Aug 8, 2011

City-County Consolidation

In general city-county consolidation is a good idea, especially if the central city is declining in population and socio-economic base. Fewer governments are usually better and it is best if the rich and poor of a central city and its surrounding areas are in the same governemnt. The problems of the central city impact the impressions of the entire region.

It is much easier to do in many countries where the national government is very strong relative to local government and can merge communities easily. But politically it is very difficult to do. The residents of the unincorporated area and surrounding towns hate losing control and being merged with the central city. And many city residents feel the same.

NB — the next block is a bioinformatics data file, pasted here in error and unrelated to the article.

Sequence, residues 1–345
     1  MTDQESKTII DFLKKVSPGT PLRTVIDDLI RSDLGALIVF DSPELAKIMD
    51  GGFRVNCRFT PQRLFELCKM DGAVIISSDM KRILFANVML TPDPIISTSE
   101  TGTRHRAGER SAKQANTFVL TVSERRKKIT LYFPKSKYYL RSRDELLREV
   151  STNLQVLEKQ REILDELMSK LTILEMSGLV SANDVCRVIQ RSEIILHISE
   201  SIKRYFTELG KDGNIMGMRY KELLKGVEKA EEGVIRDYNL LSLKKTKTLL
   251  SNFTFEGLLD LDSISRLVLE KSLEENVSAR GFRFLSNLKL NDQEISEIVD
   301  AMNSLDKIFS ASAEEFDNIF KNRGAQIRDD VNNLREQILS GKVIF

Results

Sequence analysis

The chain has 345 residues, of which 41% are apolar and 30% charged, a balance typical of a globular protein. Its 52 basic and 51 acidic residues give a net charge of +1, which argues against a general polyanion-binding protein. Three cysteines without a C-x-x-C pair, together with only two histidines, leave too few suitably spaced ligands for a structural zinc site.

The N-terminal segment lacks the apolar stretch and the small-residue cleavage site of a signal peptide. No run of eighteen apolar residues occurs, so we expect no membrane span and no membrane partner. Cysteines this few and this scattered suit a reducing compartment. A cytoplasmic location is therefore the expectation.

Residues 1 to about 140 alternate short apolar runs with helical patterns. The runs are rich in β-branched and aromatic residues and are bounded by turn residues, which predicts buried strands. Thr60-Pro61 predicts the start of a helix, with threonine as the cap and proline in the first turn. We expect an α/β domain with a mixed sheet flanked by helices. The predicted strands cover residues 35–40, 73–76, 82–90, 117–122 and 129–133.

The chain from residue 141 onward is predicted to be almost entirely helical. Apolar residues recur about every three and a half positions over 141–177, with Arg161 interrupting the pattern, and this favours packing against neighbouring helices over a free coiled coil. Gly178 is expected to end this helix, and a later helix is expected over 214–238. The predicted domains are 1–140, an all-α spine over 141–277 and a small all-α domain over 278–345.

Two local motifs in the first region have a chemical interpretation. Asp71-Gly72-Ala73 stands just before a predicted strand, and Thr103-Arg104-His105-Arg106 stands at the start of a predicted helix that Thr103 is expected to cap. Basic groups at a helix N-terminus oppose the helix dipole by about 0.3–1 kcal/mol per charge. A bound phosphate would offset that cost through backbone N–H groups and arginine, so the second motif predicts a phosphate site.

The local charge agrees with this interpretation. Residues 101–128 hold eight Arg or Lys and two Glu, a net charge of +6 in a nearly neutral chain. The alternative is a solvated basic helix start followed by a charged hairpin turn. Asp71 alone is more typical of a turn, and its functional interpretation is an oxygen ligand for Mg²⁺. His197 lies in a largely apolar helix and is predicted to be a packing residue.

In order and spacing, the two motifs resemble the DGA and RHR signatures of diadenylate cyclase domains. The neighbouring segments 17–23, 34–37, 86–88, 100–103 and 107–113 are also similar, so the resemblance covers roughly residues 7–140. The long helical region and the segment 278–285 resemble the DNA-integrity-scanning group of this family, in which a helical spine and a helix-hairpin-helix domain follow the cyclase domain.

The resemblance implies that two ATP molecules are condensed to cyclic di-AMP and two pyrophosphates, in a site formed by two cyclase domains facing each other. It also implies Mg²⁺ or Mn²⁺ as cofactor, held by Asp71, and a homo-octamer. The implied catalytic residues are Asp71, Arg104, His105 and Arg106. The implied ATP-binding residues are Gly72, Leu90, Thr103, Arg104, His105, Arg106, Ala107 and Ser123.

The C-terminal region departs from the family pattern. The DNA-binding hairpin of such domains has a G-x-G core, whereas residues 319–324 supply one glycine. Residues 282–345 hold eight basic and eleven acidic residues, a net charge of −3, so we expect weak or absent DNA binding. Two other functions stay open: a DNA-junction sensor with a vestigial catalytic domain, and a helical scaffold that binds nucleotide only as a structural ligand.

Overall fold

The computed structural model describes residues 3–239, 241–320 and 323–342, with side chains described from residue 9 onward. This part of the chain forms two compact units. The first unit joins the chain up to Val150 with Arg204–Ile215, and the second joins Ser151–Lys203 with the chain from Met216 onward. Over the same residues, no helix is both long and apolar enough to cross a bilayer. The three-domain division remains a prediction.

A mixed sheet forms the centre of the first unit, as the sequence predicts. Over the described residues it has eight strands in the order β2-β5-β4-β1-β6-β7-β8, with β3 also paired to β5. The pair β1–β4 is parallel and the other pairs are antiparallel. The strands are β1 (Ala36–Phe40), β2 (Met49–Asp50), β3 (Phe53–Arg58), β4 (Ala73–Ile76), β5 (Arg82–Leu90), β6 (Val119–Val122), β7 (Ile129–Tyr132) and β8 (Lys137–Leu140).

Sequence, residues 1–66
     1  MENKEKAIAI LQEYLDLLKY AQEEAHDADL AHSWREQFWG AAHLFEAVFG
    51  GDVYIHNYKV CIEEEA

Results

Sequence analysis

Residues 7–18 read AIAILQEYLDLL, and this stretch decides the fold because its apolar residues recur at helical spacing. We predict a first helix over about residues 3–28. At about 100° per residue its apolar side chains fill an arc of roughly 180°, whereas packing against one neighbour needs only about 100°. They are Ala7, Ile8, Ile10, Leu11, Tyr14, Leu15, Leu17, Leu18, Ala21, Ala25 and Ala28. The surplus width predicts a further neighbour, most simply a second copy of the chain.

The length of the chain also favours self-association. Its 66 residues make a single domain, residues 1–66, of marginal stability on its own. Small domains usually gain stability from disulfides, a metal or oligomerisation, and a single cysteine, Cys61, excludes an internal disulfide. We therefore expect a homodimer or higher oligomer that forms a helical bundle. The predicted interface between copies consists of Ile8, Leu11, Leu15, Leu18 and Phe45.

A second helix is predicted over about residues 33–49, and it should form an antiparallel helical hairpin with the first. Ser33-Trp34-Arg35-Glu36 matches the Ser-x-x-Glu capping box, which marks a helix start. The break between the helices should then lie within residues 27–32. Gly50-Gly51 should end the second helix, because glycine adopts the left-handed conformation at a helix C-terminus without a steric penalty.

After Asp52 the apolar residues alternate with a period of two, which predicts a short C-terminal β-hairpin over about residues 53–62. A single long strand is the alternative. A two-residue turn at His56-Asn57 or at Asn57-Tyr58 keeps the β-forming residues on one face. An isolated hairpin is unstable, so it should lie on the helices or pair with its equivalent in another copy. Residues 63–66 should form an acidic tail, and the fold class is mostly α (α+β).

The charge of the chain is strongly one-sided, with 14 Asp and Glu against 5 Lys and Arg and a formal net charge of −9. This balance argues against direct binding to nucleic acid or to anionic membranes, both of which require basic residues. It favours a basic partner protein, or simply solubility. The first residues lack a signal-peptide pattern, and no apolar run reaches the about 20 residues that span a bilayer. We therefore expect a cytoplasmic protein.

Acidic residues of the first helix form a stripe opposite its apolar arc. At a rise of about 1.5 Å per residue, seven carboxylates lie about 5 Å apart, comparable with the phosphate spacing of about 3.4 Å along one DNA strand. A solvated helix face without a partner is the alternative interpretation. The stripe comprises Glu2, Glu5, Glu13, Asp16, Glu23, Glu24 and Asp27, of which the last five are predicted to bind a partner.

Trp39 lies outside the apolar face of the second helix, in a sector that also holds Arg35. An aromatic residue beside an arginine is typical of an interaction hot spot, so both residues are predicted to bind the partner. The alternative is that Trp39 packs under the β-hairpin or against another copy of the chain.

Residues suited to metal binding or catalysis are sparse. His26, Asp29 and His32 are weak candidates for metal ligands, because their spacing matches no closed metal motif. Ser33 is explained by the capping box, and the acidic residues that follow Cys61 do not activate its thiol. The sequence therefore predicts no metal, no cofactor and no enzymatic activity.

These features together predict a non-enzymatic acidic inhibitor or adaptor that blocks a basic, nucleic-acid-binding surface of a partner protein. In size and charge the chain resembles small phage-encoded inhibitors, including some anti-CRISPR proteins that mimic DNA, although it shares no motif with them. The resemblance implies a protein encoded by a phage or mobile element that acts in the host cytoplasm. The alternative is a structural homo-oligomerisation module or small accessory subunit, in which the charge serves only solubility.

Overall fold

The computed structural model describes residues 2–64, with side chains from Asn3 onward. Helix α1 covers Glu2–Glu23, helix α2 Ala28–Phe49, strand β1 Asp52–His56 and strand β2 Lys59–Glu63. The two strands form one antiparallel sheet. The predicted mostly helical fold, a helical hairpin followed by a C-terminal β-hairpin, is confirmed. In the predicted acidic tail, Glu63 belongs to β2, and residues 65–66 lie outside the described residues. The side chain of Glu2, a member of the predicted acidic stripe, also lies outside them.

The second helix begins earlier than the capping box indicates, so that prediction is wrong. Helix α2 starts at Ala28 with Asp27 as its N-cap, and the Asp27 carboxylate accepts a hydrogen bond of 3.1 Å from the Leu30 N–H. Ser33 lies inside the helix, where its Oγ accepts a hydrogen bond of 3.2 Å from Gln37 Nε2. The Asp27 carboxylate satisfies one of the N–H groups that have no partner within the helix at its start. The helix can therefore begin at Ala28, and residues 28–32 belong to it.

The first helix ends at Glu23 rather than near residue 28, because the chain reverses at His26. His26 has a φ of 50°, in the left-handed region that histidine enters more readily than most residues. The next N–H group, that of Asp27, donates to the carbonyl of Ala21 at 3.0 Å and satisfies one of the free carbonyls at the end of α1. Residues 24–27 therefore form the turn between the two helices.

The following is a good article on consolidation.


A concern about city-county consolidation

Mostly the writing about this, in Orfield's Metropolitics and Rusk's Cities without Suburbs and Inside Game, Outside Game, has been around cost savings through service consolidation and getting city access to greater property tax revenue streams that are typically generated by suburban areas compared to the generally declining property values that had typified the urban experience over the past 30-40 years.

Christopher Hume of the Toronto Star makes the point 

that Toronto's footprint, containing both the city and the suburbs, allowed conservative Rob Ford to win the mayoral election, because the suburban voters, more conservative than those in the city, tipped his way. From the article: 


("Toronto embarked on a civic, if not a civil, war")